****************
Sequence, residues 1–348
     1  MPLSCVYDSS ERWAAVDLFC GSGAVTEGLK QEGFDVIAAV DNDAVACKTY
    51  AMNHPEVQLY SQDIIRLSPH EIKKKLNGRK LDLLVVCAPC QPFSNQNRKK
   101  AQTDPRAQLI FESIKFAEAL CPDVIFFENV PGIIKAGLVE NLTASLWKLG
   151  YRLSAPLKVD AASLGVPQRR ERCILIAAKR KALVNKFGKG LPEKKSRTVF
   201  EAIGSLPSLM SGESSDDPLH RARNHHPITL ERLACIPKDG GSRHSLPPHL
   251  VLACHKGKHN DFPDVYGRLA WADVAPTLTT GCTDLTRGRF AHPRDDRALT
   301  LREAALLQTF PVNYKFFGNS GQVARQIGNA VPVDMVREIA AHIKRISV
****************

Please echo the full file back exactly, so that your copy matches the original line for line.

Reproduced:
Sequence, residues 1–348
     1  MPLSCVYDSS ERWAAVDLFC GSGAVTEGLK QEGFDVIAAV DNDAVACKTY
    51  AMNHPEVQLY SQDIIRLSPH EIKKKLNGRK LDLLVVCAPC QPFSNQNRKK
   101  AQTDPRAQLI FESIKFAEAL CPDVIFFENV PGIIKAGLVE NLTASLWKLG
   151  YRLSAPLKVD AASLGVPQRR ERCILIAAKR KALVNKFGKG LPEKKSRTVF
   201  EAIGSLPSLM SGESSDDPLH RARNHHPITL ERLACIPKDG GSRHSLPPHL
   251  VLACHKGKHN DFPDVYGRLA WADVAPTLTT GCTDLTRGRF AHPRDDRALT
   301  LREAALLQTF PVNYKFFGNS GQVARQIGNA VPVDMVREIA AHIKRISV